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I thought this was a great example of a human hair fob. The braiding is very fine, and condition is great. I am not sure if the end pieces, and the slide are original or not, I have my suspicions that they are not, but the delicate work with the hair is outstanding. Victorian era produced many things made of hair.
|IHC Life Member
Outstanding example Tom! I've heard stories that some of these were made from the hair of loved ones who had passed. Does anyone know the true origin?
Thanks. That was my understanding also, that the hair was that of a loved one. I believe that some mourning jewelery also incorporated hair of the loved one. I don't think that this fob was considered mourning jewelry, maybe someone knows more. I can't imagine the hours that went into making this. Quite impressive, I think.
Such a beautiful example of mourning hair watch chain. I have one in my watch chain collection but doesn't hold a candle to yours! I've not seen anything like yours until now.
In the early days, one could also purchase kits (Sears) to make a hair fob chain as well. Some used fobs charms indicative of their spouse's profession to add to the hair chain. Many women used their own hair and a special weaving technique to make the chains. Husbands would wear the watch chain during work hours so as to have a closeness to their wives during the day!.
Enclosed is a pic of my human hair chain. A little story to go with this. I got mine in a junk box about 25 years ago, and began using it occasionally to carry a watch. When done, I would just throw it into a junk box. About 10 years ago, I was in an antique store in southwestern New York State and saw one exactly like mine in the display case. It was marked "Rare human hair watch chain--$320". While I was in there, a well dressed woman came in, looked at the hair chain and said, "I want it". She dropped $320 in cash and proudly walked away with the human hair chain. I have no idea whether this was a fluke or it was really worth that much. Needless to say, I came home and put mine in a more secure place than the junk box, and I have treated mine much more gently since.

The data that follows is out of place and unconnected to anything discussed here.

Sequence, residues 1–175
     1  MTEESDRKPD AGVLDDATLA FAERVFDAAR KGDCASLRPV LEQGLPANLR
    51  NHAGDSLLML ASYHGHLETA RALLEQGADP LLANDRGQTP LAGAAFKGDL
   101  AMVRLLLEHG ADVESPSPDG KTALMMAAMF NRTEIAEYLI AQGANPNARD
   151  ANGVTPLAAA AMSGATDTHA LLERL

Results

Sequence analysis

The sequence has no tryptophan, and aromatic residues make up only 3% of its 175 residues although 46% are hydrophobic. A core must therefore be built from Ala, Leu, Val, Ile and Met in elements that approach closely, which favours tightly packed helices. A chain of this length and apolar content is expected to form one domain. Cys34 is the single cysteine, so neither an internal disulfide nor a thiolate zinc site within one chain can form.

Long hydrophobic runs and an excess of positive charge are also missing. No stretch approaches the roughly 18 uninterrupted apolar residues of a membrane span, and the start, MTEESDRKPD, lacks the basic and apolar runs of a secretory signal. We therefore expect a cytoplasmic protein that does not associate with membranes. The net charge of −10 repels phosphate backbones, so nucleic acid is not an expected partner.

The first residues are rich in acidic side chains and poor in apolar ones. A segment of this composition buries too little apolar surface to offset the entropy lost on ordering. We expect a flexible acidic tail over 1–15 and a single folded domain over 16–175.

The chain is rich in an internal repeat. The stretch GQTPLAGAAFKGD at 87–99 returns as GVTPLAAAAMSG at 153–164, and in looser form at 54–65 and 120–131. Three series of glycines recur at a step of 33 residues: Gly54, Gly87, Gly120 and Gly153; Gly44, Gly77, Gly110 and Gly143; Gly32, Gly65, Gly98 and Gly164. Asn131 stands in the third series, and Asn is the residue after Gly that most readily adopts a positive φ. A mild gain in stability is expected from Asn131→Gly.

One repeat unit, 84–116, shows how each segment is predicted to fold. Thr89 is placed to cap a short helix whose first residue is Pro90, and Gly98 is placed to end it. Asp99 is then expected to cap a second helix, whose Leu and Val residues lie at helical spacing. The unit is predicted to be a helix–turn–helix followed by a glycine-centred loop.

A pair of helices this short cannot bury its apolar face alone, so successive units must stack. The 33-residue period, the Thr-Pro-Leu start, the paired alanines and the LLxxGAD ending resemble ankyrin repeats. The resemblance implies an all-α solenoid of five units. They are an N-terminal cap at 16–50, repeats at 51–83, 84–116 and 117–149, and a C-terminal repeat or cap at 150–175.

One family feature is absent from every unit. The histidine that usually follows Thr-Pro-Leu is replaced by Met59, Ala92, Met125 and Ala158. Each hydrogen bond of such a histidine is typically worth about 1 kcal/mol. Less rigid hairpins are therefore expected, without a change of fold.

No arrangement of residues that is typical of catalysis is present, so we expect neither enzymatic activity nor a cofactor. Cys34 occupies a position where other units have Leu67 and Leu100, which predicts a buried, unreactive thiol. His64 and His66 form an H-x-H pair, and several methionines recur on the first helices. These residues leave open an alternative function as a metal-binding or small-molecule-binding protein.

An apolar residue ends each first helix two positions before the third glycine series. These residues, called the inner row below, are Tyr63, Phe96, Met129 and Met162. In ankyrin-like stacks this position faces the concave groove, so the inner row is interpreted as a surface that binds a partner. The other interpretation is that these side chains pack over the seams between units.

|IHC Member 163
I've never seen one for less than $150 in our rounds of antique stores, and that one was in bad shape to boot. Mourning jewelery, which these chains are categorized, have become EXTREMELY collectable, and not only to watch collectors. From my limited reading on the subject, though practiced throughout history, there was a HUGE jump in the creation of these items during the U.S.Civil war, as most soldiers killed in action rarely got sent back home for burial, for obvious reasons. Field morticians made a practice of cutting rather large locks of hair from the departed loved one, and mailed those locks back to the families as a momento, along with what ever personal items were left behind. Those locks were then used as jewelery. It was also popular in Victorian England, and Queen Vic wore mouring jewelery made from the hair of her beloved Prince Albert for the remainder of her life after his passing, and the popularity of these items were the norm during her reign.
There are a wide range of folks in different fields who snap these items up as fast as they can find them. Junk box, eh? Wow...talk about a lucky find! Good for you!!!! High regards. Mark
Hi Mark, Thanks for the info on Mourning Jewelry. Never knew anything about it before. It definitely makes sense. As for finding it in a junk box, always remember--"even a blind squirrel can find an acorn every once in a while".
|IHC Member 163
Well, I've heard that before, but have never been able to put it in practice yet. Maybe someday I'll have something to report... Regards. Mark
very interesting item a hair fob.I have never seen these before in antique stores or elsewhere, never seen them in antique books either, quite rare.
Nice examples guys.
Thanks for all the information on these.
Love your hair fob story!
Here's a pic of my hair fob jewelry. The weave is somewhat ordinary but what I like about it is the etched rose gold tips,(marked 1/10), center tip with paste stones, choo choo, and a spike hammer. Would love to know about the watch that was once attached to the hair chain along with what position owner held and for which railroad.
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